What if the water is acid-treated to bring its pH down to an appropriately low, yeast washing pH?
If one is going to rinse with boiled water, lowing the pH of the rinsing and storage water to around 4.2 is a good start. However, in practice, rinsing is a completely unnecessary step that has the potential to do more harm than good.
Brewers are told that they do not have to worry about pathogens because pathogens do not grow in beer. The reason why pathogens do not grow in beer is because the pH of beer is below the minimum growth pH for pathogens such as Clostridium botulinum, which requires a pH of at least 4.8 in order to grow.
A yeast culture "owns" a batch of wort by shutting out competitors. It rapidly consumes dissolved oxygen, which shuts out aerobic microorganisms. A yeast culture also lowers the pH of the medium from around 5.2 to around 4.2, which shuts out pH sensitive anaerobic microflora. The final defense that a yeast culture mounts is the production of ethanol, which is toxic to microorganisms, including the culture itself.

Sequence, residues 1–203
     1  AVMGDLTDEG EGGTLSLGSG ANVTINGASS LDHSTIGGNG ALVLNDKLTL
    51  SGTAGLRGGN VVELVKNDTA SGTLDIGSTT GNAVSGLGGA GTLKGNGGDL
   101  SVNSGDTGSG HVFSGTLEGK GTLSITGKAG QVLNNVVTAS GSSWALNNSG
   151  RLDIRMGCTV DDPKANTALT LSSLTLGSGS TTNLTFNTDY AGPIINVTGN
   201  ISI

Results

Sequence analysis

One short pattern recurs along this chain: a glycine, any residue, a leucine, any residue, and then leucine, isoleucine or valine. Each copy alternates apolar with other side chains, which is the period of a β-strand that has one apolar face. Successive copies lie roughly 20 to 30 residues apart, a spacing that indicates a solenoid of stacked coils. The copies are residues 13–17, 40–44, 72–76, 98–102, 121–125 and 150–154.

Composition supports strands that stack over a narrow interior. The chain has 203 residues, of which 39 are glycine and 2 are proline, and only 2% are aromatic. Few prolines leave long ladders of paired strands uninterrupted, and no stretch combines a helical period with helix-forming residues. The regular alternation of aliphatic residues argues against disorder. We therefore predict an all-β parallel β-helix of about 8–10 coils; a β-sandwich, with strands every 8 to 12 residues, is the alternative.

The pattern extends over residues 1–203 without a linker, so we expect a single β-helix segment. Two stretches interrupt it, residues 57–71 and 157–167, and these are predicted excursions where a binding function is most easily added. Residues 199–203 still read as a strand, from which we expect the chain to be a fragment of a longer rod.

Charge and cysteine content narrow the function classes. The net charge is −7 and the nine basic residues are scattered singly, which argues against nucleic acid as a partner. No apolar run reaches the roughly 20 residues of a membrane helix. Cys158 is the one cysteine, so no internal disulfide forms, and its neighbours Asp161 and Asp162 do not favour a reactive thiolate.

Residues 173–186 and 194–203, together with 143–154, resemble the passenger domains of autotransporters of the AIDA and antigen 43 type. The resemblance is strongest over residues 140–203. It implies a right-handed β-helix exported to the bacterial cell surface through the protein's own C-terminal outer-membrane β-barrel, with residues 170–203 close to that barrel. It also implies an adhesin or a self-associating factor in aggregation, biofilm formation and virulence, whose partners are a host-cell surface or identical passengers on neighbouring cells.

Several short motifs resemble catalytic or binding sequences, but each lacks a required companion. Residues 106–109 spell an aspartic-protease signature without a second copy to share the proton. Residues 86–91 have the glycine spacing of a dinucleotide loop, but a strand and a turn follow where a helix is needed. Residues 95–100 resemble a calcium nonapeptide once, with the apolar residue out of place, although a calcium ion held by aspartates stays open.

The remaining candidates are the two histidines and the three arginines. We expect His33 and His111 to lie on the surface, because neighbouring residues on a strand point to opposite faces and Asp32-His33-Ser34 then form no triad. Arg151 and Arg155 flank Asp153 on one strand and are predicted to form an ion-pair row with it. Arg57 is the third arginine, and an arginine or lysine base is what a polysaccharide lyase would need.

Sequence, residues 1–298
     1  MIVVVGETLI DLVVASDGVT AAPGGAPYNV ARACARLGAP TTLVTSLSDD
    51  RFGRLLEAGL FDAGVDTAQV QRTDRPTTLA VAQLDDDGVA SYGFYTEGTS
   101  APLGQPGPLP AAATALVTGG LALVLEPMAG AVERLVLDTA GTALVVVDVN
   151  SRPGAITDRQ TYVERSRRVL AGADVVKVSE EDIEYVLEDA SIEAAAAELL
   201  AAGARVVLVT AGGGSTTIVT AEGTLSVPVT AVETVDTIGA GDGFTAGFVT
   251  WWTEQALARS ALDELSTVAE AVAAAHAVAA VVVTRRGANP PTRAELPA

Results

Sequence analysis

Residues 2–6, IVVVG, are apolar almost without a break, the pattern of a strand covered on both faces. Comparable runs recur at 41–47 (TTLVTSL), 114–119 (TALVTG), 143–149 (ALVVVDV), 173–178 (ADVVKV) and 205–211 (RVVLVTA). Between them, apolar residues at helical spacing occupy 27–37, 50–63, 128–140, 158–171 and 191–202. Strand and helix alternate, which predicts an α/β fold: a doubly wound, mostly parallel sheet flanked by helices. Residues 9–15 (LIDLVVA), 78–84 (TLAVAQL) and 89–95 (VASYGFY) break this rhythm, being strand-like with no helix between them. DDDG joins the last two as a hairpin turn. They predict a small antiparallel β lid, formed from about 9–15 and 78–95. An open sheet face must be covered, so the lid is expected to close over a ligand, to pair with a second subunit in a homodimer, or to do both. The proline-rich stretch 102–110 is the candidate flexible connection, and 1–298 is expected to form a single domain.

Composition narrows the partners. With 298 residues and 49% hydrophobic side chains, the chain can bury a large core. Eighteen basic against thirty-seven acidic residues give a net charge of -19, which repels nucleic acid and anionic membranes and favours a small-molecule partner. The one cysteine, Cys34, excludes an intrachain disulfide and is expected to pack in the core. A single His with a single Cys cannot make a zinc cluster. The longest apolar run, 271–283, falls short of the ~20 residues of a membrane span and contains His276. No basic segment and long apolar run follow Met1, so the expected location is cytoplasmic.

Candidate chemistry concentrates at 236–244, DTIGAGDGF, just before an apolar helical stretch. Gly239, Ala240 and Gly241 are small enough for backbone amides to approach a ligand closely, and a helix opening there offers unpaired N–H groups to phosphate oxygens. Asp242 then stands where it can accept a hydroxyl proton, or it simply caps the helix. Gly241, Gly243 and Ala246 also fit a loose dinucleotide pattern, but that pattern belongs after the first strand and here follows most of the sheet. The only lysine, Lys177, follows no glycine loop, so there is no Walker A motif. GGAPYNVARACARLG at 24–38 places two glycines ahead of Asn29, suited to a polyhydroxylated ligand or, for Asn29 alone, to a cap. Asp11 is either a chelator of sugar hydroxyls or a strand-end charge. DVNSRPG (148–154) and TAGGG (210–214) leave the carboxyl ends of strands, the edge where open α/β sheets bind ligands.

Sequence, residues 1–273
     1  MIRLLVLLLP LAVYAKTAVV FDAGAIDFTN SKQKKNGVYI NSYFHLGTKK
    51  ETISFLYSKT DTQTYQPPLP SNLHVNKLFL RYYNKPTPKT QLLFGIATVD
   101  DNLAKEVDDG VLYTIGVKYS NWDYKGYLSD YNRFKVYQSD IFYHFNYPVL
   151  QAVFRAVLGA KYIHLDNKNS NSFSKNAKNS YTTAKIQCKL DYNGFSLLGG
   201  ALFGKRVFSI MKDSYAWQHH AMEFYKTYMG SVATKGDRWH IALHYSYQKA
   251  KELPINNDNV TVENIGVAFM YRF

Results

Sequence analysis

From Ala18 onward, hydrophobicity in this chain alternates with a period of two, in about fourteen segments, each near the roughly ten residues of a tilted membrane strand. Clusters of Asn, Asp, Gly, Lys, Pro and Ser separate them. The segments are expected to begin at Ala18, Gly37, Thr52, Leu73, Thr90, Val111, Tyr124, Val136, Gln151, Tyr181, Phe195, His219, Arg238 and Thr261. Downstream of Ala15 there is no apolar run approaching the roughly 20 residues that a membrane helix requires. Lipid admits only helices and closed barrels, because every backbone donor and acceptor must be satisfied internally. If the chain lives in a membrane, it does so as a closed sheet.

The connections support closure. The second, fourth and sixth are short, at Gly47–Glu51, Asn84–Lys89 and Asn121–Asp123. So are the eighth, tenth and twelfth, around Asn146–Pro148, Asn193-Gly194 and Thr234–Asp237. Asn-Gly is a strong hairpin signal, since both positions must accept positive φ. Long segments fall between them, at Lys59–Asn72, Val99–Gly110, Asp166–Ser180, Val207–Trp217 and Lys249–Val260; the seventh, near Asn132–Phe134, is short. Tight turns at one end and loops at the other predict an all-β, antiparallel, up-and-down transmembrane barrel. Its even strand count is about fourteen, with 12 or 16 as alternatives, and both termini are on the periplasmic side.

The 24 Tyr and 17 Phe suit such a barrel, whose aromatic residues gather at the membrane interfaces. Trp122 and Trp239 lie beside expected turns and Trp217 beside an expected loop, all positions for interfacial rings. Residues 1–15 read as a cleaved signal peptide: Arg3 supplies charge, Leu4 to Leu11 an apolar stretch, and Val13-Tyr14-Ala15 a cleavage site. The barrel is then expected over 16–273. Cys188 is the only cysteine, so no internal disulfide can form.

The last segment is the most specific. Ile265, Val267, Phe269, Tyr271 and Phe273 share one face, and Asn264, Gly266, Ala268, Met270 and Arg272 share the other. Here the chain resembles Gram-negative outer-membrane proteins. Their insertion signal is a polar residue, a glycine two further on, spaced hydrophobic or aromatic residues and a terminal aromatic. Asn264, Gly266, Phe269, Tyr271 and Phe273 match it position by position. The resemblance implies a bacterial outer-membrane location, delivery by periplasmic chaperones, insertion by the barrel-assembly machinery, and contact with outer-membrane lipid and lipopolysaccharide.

Replacing green beer with boiled water strips the culture of the force field that it built for itself, which means that the water has to be completely free of wild vegetative cells (and spores that can germinate into vegetative cells) because they will feast on dead yeast cells. Bacteria cells multiply three times faster than yeast cells, which means that a small infection can overtake a larger yeast culture when pitched into fresh wort.